Whistleblowers and their advocates are optimistic that the Obama administration will more vigorously protect other government employees that divulge government misconduct in the public interest, reports ABC News.
Recent moves last week have buoyed these hopes.
Late last week, President Obama appointed two individuals to the Merit Systems Protection Board (MSPB), an administrative panel that hears employment appeals from federal employees, including cases that fall under the recently-passed Whistleblowers Protection Enhancement Act of 2009.
The picks - Susan Grundmann, general counsel for the National Federation of Federal Employees, and Anne Wagner, general counsel for the Personal Appeals Board of the U.S. Government Accountability Office were hailed by whistleblowers and watchdog groups as a first step in overhauling federal whistleblower protection laws.
"Unlike Bush administration appointees who compiled a 1-44 track record against whistleblowers, these leaders are seasoned veterans with a proven track record of commitment to the merit system throughout their careers," said Tom Devine, legal director of the nonprofit public interest group Government Accountability Project.
Devine called the appointments "a weathervane that the Obama Administration is serious about its good government rhetoric."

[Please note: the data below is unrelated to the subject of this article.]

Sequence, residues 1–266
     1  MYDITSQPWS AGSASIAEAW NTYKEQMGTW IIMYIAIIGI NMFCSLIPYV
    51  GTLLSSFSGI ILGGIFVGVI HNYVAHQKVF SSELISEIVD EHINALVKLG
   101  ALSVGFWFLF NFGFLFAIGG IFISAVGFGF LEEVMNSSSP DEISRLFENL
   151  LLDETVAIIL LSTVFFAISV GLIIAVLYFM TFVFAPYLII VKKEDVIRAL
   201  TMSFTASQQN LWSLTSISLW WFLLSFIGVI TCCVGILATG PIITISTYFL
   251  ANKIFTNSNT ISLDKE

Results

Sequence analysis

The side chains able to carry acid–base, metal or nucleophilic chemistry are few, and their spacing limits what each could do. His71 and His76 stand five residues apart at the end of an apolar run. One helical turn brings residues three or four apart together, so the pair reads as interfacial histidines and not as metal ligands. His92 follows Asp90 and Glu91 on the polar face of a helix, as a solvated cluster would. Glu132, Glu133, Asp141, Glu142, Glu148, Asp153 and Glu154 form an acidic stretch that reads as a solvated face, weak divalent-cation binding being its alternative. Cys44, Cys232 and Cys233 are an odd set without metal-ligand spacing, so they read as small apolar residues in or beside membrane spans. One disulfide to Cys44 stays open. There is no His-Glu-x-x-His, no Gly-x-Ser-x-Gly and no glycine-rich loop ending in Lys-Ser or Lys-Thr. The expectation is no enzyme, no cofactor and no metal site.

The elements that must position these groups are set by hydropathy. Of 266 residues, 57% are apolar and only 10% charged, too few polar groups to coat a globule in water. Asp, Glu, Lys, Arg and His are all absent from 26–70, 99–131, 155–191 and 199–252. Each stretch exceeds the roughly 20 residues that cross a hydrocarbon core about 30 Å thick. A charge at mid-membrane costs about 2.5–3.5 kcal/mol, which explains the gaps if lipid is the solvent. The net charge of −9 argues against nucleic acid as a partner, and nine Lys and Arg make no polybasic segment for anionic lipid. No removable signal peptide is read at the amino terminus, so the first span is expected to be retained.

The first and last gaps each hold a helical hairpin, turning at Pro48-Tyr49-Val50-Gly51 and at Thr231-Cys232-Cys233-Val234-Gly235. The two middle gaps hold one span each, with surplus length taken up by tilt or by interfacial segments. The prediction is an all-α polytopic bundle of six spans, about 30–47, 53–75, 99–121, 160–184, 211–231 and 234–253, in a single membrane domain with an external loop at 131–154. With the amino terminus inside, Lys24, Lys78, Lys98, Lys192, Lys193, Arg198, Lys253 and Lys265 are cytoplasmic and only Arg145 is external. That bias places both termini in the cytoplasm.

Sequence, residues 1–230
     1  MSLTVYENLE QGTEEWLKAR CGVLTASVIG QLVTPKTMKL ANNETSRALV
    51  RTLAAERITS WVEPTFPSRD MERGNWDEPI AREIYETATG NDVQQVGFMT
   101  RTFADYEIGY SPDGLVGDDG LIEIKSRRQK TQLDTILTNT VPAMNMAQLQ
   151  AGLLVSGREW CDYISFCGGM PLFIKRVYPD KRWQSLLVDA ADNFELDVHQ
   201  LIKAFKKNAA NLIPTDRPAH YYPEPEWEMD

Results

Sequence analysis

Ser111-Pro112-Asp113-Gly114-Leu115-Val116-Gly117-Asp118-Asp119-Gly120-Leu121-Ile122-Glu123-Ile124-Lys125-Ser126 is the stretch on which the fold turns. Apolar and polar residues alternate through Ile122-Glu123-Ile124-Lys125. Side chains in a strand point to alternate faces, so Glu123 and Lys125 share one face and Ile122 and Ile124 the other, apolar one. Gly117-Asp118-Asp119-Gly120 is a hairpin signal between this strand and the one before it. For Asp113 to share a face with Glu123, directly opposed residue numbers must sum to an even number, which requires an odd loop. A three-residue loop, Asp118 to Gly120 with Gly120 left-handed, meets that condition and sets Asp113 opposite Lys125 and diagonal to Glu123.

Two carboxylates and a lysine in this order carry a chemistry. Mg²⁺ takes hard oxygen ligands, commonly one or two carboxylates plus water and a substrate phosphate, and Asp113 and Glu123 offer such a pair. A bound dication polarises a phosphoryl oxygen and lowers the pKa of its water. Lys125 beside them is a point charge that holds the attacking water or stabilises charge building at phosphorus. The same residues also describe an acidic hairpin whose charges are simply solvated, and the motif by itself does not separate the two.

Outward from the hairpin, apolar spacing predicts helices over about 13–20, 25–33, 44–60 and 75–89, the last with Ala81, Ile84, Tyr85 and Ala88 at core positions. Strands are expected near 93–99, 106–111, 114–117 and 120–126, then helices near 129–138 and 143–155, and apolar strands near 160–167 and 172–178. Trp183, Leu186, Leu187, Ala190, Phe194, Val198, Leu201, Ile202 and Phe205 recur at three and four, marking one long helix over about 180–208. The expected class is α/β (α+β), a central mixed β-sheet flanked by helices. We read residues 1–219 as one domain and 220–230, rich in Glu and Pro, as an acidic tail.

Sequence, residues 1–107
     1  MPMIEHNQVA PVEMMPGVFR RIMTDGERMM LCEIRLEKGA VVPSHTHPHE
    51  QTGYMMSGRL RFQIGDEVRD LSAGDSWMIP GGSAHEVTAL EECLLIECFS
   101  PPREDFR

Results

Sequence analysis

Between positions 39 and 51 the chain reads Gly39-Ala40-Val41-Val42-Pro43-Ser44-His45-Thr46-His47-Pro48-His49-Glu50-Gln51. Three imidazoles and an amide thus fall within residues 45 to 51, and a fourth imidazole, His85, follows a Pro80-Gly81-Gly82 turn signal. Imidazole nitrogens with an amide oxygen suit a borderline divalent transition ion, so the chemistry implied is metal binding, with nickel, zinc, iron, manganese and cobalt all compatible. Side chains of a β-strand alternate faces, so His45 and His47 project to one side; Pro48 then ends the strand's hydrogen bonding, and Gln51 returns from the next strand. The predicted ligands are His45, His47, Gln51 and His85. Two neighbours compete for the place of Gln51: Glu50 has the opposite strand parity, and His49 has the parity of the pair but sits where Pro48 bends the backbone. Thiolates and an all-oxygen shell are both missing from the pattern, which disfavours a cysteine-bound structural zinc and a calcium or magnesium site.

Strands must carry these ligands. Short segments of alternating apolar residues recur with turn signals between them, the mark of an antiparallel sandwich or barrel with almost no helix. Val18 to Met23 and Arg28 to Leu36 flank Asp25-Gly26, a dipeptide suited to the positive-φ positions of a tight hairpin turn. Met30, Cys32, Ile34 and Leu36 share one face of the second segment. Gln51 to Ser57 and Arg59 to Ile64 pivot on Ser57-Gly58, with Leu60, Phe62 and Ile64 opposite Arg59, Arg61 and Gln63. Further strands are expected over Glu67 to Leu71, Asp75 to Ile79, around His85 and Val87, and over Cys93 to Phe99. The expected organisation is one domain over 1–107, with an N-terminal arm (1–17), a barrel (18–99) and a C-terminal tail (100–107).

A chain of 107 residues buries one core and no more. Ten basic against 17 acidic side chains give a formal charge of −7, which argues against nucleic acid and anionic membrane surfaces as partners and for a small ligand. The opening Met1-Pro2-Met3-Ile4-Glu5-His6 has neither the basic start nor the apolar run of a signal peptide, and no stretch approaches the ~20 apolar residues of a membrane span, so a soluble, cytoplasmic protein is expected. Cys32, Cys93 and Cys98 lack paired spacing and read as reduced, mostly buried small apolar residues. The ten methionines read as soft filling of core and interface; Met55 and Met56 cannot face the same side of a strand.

As ABC News also reports, whistleblowers will either have their hopes confirmed or dashed this week by the Obama administration when a former whistleblowing air marshal appeals his firing. In 2006, Robert MacLean was dismissed from his position as an air marshal for going to the news media in 2003, informing reporters that the Federal Air Marshal Service had eliminated air marshals from long-distance flights to cut costs. The stated reason for MacLean's firing was he disclosed sensitive information relating to transportation safety and security. In late June, MacLean learned that the MSPB had denied his request for whistleblower status.
MacLean and his attorney, according to the report, hope it will give the Obama administration the opportunity to "break the ranks and declare the firing unlawful."
Also included in ABC News' article is a gallery of whistleblowers that say they were fired or demoted for exposing government abuse and corruption. It's well worth a read.
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